No Conviction Recorded (Vic)
A judge or magistrate can choose not to record a conviction when sentencing an offender in Victoria. The decision will depend on the nature of the offence and penalties imposed. Usually a court will choose not to record a conviction if the offence is a less serious offence or the offender has no criminal history. A conviction is usually recorded for a serious offence or an offence that has aggravating factors. This discretion is contained in the Sentencing Act 1991. After a non-conviction, the offender will still have a criminal record, however.
Section 8 of the Act states that when exercising its discretion whether or not to record a conviction, the court must consider all circumstances of the case. This includes:
- the nature of the offence; and
- the character and history of the offender; and
- the impact of a conviction on the offender’s economic or social wellbeing or employment prospects.
If a court finds a person guilty and opts not to record a conviction, it can still make an order. Orders include a community correction order or payment of a fine.
A finding of guilt without the recording of a conviction has the same effect as if one had been recorded for:
- appeals against sentence;
- proceedings for variation or contravention of a sentence;
- proceedings for a subsequent offence;
- further proceedings for the same offence.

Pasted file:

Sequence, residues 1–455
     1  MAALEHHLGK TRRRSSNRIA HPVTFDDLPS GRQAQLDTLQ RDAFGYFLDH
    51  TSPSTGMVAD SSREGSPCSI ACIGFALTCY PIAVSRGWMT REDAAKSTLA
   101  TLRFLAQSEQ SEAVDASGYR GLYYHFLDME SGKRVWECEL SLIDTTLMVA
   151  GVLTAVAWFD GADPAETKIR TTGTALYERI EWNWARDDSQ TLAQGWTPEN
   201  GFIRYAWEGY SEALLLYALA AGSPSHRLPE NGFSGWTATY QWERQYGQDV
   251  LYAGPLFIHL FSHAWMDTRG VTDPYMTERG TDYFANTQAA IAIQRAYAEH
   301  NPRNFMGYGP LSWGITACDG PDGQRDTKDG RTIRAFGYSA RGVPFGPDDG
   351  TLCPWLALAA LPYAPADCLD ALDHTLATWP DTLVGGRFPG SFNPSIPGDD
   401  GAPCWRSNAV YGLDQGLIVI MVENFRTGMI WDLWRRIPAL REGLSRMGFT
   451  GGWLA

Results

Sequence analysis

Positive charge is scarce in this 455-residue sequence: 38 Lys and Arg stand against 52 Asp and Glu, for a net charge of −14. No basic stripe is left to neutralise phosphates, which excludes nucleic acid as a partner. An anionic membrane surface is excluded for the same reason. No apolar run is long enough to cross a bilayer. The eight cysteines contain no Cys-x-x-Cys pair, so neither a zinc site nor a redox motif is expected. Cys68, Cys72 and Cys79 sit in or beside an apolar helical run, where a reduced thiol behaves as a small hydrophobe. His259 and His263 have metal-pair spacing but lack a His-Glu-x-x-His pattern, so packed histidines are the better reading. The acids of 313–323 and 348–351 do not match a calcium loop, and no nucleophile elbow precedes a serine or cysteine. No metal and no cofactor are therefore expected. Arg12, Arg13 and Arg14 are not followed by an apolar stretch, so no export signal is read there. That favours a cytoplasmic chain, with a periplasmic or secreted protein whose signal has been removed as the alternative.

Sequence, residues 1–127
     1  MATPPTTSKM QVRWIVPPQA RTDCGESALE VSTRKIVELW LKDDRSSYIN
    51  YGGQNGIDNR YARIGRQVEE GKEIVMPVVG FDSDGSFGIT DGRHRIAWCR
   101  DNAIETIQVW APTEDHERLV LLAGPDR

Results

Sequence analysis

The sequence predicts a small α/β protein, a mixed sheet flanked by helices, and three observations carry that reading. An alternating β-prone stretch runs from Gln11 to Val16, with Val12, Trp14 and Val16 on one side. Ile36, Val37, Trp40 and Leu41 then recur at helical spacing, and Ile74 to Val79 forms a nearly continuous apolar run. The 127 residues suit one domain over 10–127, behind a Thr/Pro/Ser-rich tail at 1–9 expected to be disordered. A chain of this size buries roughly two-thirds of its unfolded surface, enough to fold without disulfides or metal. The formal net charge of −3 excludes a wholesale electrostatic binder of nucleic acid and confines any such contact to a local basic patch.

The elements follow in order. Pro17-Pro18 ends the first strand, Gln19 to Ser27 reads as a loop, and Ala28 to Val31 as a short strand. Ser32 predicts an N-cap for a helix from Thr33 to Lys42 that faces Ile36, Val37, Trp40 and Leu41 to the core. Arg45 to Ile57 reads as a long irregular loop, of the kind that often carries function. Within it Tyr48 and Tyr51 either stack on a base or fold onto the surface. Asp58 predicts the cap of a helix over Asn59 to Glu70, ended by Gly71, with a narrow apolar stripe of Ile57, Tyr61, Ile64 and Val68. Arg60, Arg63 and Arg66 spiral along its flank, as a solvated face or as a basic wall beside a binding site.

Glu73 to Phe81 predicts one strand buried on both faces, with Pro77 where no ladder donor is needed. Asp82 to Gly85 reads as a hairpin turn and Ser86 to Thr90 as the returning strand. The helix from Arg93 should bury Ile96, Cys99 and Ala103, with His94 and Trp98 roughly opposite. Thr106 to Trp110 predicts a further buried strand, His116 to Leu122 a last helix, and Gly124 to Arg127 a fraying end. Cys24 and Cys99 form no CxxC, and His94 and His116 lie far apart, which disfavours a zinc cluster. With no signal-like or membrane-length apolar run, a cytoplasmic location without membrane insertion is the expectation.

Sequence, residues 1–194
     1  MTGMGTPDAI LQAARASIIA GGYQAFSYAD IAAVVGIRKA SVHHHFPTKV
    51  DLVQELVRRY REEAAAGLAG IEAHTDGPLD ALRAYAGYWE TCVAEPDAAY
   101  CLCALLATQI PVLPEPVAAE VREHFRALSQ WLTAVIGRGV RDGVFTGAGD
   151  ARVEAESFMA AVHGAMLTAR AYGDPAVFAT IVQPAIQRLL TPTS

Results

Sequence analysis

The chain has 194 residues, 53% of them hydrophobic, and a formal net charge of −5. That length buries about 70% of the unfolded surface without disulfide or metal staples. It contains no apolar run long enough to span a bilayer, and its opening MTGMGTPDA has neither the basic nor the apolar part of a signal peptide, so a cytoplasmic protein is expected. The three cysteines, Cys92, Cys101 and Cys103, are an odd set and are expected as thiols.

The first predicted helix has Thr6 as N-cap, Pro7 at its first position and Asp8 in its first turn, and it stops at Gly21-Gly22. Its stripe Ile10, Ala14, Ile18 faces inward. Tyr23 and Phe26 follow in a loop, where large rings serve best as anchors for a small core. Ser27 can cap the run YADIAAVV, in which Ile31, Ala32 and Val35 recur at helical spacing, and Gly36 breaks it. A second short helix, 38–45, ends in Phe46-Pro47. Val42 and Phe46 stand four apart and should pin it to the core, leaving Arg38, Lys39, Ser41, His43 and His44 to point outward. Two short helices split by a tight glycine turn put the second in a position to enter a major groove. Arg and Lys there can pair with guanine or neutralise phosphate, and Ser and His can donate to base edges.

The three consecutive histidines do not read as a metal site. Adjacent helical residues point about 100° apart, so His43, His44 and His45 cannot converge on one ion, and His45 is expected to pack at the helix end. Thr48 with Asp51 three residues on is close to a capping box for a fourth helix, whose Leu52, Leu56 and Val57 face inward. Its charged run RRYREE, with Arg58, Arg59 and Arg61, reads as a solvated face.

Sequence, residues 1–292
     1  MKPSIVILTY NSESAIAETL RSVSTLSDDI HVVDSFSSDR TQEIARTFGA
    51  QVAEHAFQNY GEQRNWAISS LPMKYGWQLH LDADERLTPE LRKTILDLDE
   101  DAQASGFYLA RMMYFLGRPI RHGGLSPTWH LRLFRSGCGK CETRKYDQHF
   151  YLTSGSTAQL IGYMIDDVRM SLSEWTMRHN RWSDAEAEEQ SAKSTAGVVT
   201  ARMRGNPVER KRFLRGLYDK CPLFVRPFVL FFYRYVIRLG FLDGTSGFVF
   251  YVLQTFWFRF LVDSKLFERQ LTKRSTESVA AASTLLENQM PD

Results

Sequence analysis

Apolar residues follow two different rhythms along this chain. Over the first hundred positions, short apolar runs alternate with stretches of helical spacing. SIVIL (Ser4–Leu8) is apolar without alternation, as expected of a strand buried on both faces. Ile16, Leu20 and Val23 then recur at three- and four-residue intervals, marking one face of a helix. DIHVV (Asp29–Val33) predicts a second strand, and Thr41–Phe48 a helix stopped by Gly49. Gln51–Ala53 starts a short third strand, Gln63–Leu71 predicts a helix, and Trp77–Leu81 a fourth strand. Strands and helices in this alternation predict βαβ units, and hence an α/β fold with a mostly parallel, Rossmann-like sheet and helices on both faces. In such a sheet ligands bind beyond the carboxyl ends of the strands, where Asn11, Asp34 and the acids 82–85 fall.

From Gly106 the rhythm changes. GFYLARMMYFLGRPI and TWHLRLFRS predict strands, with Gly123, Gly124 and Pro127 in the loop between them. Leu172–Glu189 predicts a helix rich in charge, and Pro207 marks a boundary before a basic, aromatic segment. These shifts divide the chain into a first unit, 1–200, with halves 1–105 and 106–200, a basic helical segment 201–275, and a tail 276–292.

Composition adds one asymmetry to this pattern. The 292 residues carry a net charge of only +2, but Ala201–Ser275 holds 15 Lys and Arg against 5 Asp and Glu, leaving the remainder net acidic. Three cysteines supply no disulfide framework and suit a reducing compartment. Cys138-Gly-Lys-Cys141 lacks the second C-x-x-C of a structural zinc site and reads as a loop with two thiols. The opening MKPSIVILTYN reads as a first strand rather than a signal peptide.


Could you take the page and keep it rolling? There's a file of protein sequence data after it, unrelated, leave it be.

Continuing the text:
A finding of guilt without the recording of a conviction cannot be taken to be a conviction for any purpose.
If a sentence is made without a conviction, the offender will still have a criminal record. This is because a person’s criminal record will list any finding of guilt for an offence, whether a conviction is recorded or not. It will also include any charges which are yet to be heard in court.
An offence for which a person is found guilty will remain on that person’s criminal record for 10 years if the person was an adult at sentencing, or 5 years if they were a child.
A conviction for an offence is a significant legal and social penalty for an offender. It can restrict a person’s opportunities in areas such as employment, housing and travel.
Many employers perform a police check when screening potential employees. Those convicted of certain offences are prohibited from working in certain fields, such as security, child care and law. A police check requires consent from the potential employee but refusing a check implies something unfavourable might be found by an employer.
In relation to travel, convictions for certain offences bar a person from entering certain countries.
A non-conviction for an offence has a lesser impact. For instance, in applying for a job or a visa, an offender may not have to disclose an offence if no conviction was recorded.
For advice or representation in any legal matter, please contact Armstrong Legal.